“I think the major players in China, including Baidu, are inevitably tending toward offering legitimate content, at least in the video space. The MPA and the film industry as a whole in China have done a good job over the last several years of cultivating a group of local stakeholders who have taken on the internet piracy fight as their own. These stakeholders aren’t just local copyright owners—they include leading local websites like Sohu and Youku Toudou. This does more than just increase the number of local plaintiffs involved in copyright lawsuits. It has helped change the norms in China’s online video industry. Today the expectation within the industry is that the major players play by the rules and stream licensed content. It puts considerable pressure on major sites that provide access to unlicensed content because they are now acting outside the norm. I think it also empowers authorities like the NCAC, because if no one is following the rules then meaningful enforcement is difficult and rather impotent across the board—the laws and the actual industry practice are so misaligned. But when the industry norms and laws begin to converge, authorities are emboldened to take action, and the action resonates more with its targets, in this case Baidu and Qvod.”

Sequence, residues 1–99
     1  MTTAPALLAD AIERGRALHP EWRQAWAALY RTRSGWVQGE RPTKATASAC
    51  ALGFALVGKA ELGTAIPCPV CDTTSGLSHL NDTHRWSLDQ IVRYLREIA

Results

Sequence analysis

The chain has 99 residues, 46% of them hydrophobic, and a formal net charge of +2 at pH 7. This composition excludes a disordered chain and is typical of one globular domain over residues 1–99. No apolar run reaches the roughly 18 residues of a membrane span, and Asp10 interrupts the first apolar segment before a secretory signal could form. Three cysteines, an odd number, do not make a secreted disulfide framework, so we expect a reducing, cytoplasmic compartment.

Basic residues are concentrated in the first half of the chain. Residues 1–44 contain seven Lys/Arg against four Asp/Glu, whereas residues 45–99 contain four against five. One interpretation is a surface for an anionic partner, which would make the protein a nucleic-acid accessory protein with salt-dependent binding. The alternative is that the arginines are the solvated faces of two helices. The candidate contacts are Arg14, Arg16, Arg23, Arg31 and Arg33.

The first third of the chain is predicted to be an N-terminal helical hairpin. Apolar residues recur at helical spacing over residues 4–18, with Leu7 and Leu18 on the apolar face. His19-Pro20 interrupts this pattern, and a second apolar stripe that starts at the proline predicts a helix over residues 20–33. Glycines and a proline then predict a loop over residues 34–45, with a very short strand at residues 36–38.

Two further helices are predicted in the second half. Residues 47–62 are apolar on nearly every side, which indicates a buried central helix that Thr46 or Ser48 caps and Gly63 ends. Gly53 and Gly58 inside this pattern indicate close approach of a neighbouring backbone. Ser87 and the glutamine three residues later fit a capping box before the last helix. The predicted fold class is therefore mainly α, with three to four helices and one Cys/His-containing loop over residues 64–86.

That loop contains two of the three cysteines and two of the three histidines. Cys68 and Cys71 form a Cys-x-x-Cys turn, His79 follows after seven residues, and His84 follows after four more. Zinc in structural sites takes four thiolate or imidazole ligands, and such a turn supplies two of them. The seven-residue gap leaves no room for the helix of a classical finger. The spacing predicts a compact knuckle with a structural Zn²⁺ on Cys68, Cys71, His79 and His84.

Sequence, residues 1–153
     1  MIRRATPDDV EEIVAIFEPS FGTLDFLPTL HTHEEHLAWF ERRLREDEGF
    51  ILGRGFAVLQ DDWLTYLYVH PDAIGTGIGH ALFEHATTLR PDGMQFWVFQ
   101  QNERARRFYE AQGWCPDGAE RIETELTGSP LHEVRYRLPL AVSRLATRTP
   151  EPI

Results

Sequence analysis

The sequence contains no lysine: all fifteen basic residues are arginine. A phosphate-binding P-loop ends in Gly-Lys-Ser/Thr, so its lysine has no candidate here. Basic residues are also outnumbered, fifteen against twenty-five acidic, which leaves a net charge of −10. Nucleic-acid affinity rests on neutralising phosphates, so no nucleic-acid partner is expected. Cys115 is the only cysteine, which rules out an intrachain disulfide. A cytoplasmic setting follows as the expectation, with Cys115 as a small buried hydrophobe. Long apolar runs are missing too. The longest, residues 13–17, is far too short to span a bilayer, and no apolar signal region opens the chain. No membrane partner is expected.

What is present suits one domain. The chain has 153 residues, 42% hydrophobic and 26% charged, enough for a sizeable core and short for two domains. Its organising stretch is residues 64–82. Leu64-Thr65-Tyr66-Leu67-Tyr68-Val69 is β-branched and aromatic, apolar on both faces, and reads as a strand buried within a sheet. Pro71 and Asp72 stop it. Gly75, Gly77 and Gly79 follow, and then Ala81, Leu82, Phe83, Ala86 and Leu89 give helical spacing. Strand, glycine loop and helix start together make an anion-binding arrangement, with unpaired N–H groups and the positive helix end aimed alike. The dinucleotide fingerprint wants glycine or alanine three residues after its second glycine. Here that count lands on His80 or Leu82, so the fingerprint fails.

Prof. Priest’s observations on the pressure put on major sites that offer unlicensed content can equally apply to many of the cases that follow.

 2.Beijing – Si Lu Wang(思路网)

In early 2013, Beijing municipal and local authorities formed a task force to investigate “siluhd.com”, the largest HD web portal in China.  The website users paid a monthly fee to access 18,772 HD films and TV dramas, as well as 3316 music works, and 208 video games. This website had more than 10 thousand active users on a daily basis, generated more than 20,000,000 illegal downloads cumulatively, and had 1.4 million registered users. In April, the task force arrested 11 suspects.This case is still under further investigation.

3. Shanghai – Online Sales of Foreign ISO Standards